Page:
(e) Poem: The Ball Poem.

 Poet: John Berryman.

STANZA 4

People will take

Balls, balls will be lost always, little boy.

And no one buys a ball back. Money is external

Questions :

(a) Why does the poet say ‘balls will be lost always’?

(b) Why does the poet say that no one buys a ball back?

 (c) What does the poet mean by ‘Money is external’?

 (d) What is external?

 (e) What is the name of the poem?

Answers :

(a) The poet wants to say that the loss of dear things is a fact of life.

(b) The poet says so because no one can buy the ball back because it is lost. He means to say that money cannot compensate for the sense of loss.

(c) It means that it always meant to be spent.

(d) Money is external.

(e) The name of the poem is ‘The Ball Poem’.

STANZA 5

He is learning, well behind his desperate eyes,

The epistemology of loss, how to stand up

Knowing what every man must one day know

And most know many days, how to stand up.

 Questions :

 (a) How are the boy’s eyes?

 (b) Why are the boy’s eyes ‘desperate’?

 (c) What is the boy learning?

(d) What is the boy going to know?

(e) Who is the poet of this poem?

 Answers :

 (a) The boy’s eyes are desperate.

(b) The boy’s eyes are ‘desperate’ because he has lost his ball.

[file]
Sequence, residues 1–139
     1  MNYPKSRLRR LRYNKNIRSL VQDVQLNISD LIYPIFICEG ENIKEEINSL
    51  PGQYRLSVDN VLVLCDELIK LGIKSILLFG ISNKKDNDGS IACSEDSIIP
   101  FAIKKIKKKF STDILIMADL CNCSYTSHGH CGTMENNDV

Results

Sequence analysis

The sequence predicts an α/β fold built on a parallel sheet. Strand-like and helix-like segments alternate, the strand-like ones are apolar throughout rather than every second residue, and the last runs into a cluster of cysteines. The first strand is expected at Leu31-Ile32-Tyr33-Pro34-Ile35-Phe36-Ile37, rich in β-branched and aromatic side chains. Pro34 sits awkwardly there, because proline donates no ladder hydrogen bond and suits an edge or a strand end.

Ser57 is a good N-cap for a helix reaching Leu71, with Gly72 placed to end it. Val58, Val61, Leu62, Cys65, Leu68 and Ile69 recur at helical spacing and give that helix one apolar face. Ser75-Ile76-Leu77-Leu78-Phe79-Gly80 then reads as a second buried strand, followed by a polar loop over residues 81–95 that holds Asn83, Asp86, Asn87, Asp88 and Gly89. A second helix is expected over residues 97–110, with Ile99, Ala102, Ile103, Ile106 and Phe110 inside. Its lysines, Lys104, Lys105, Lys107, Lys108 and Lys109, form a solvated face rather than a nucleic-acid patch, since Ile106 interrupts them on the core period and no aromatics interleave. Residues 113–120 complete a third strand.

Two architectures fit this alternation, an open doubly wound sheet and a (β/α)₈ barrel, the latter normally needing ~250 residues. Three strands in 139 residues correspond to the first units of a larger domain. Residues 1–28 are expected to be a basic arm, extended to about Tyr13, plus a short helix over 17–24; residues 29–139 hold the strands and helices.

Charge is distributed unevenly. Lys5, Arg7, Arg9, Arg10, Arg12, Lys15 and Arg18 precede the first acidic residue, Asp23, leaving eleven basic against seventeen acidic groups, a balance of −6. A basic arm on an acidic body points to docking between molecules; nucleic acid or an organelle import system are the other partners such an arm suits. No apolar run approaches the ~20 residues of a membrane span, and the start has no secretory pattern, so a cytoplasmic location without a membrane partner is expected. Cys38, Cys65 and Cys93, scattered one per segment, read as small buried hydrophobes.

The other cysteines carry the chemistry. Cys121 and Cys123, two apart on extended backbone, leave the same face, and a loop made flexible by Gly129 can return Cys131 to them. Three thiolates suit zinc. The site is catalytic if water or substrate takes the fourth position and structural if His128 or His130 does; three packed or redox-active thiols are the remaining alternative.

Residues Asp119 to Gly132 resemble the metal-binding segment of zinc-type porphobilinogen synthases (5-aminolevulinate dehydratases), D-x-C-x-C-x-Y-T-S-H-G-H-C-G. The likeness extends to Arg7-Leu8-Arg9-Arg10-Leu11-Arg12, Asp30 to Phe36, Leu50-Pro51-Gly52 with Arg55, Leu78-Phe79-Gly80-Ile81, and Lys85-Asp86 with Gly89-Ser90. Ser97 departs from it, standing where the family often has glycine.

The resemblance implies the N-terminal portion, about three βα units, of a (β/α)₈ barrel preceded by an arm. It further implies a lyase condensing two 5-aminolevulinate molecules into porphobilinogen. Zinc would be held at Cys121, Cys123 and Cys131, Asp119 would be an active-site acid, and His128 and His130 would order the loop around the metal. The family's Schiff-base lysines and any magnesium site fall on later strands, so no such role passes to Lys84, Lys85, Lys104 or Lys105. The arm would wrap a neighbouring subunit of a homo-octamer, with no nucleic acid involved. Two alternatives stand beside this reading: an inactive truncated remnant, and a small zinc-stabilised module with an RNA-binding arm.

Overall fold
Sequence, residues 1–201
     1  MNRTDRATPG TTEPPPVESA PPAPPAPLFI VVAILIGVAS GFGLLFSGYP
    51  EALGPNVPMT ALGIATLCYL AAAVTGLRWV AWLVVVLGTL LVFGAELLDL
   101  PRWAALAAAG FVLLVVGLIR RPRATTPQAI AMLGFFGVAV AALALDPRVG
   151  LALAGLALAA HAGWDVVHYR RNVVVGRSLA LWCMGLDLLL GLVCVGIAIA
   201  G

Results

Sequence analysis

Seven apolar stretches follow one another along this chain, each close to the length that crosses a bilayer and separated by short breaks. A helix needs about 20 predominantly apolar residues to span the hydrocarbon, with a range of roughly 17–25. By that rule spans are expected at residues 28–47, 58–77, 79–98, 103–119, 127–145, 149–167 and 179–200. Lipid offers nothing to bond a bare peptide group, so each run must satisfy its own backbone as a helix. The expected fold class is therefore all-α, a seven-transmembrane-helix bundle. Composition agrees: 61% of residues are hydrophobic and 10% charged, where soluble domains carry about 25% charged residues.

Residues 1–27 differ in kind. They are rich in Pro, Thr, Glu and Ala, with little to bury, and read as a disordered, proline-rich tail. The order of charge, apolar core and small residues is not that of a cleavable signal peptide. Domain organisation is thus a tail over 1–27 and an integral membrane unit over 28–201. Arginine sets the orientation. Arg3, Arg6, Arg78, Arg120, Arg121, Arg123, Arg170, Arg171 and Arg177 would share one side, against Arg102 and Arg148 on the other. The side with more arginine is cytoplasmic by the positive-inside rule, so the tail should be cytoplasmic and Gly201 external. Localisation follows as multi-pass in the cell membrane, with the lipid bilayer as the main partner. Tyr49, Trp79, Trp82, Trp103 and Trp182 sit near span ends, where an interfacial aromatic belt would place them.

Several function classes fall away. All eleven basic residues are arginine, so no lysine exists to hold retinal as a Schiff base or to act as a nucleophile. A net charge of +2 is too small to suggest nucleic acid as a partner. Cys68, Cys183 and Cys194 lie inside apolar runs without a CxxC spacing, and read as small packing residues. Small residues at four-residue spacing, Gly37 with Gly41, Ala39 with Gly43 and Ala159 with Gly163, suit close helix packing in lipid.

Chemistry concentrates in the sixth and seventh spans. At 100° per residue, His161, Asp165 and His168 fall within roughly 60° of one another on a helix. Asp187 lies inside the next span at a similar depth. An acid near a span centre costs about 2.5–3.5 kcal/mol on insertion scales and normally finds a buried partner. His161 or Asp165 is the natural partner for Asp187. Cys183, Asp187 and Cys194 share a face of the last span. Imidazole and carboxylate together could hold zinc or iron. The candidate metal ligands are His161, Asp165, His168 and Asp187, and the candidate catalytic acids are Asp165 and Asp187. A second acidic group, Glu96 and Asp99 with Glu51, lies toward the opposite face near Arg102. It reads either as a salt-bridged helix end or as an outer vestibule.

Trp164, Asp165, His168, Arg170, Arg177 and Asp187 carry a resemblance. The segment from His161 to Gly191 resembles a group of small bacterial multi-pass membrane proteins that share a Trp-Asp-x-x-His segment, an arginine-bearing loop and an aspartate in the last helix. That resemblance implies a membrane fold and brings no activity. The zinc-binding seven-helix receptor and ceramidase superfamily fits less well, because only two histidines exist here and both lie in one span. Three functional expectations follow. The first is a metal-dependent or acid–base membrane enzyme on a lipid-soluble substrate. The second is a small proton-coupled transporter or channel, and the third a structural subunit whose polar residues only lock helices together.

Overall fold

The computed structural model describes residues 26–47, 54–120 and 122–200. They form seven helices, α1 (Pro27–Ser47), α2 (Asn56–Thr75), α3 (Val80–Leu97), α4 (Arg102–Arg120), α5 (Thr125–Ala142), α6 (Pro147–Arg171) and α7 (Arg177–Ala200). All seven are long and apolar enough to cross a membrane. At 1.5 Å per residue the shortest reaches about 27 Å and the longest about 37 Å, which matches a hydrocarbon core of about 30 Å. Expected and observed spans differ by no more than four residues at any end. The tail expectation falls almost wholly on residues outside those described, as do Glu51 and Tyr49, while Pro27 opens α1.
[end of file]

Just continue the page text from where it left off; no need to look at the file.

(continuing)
(c) The boy is learning the meaning of loss.

(d) He is going to know the universal truth that almost all men lose something and they have to compromise with their loss.

 (e) John Berryman is the poet of this poem.

Stanza-6: (Page 46)

 What is the boy now, who has lost his ball

 What, what is he to do? I saw it go

Merrily bouncing, down the street, and then

Merrily over — there it is in the water!

Word-Meaning:  Bouncing— jumping over, Street— narrow path, Merrily— happily,

Paraphrase

 The poet sees a boy playing with a ball. Then, the boy loses his ball. The poet asks what should the boy be feeling now? Does he ask what will the boy do now? He saw the ball bouncing merrily and going down the street. And now, in the same way, it has fallen into the water and lost forever.

Questions:

 (a) What has gone wrong with the boy?

 (b) What did the poet see?

 (c) Where did the ball fall into?

(d) What is the condition of the boy after losing his ball?

 Answers:

 (a) The boy has lost his ball.

 (b) The poet saw the ball bouncing down the street and finally falling into the water.

(c) The ball fell into the water.

 (d) The boy seemed to be upset after losing his ball.

 Stanza-7: (Page 46)

 No use to say ‘O there are other balls’;

An ultimate shaking grieffixes the boy’

As he stands rigid, trembling, staring down

All his young days into the harbour where

 His ball went.

Word-Meaning: Ultimate— final, Shaking— trembling, Grief— sorrow, Fixes— overpowers, Rigid(here) unmoved, Trembling— shivering, Staring— looking keenly, Young days— childhood days, Harbour— a place where ships load and unload goods,

Paraphrase

There is no use of consoling the boy. He can’t be consoled if he is offered other balls in place of the lost ball. Finally, deep grief overpowers the boy. He stands shaking there without leaving the place. Standing there, he stares down the place where the ball has disappeared in the water of the harbour. The loss of the ball in the harbour reminds him of his childhood and childhood days which have been lost in the harbour of life.